Despite the negative stereotypes, says Robert Woodberry, missionaries have effectively improved health, education, economic development, and political representation around the world—seemingly more effectively than government aid and secular NGOs:
On average, people from countries that had one more Protestant missionary per 10,000 inhabitants 90 years ago currently have 1.5 years more education and 1.3 years more life expectancy. Similarly, for each additional year of Protestant mission activity, countries have $25.72 more GDP per capita on average. Even after rigorous attempts to account for competing explanations, the existence of Protestant missionaries explains about half the variation in democracy and 10 percent of the variation in GDP per capita in non-Western countries. On the negative side, Protestant missions are also associated with ethnic violence.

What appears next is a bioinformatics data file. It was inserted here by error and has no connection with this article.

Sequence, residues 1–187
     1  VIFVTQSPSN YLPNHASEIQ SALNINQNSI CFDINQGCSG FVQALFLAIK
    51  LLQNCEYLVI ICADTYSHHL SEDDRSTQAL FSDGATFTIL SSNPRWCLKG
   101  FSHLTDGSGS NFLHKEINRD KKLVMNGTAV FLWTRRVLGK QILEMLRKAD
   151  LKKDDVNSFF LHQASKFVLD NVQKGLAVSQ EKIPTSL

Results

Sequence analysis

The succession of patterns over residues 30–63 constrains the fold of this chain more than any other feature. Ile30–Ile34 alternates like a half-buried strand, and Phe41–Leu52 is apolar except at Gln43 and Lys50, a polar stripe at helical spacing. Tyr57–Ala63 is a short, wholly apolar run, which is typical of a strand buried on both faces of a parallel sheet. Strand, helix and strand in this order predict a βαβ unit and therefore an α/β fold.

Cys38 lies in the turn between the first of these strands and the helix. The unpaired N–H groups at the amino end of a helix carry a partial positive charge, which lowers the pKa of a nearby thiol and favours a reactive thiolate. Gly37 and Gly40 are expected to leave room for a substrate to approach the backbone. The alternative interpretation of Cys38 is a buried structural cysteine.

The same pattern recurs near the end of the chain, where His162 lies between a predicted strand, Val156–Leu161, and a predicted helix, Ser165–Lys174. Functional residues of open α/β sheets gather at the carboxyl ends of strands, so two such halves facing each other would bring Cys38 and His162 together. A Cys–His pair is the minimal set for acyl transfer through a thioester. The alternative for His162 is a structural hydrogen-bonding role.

Of course, statistics can be misleading (and I will return to this problem later), but historical evidence enhances the statistics’ plausibility. Since Protestant missionaries wanted everyone to read the Bible in their own language, they spread mass education and mass printing in languages ordinary people understood—often against great resistance. In Africa, missionaries provided over 90 percent of formal education prior to independence and printed the first books and newspapers in virtually every African language. Prior to Protestant missions, both secular and religious elites kept books and education in archaic languages ordinary people could not understand, even in countries with ancient written languages like China, Korea, and India.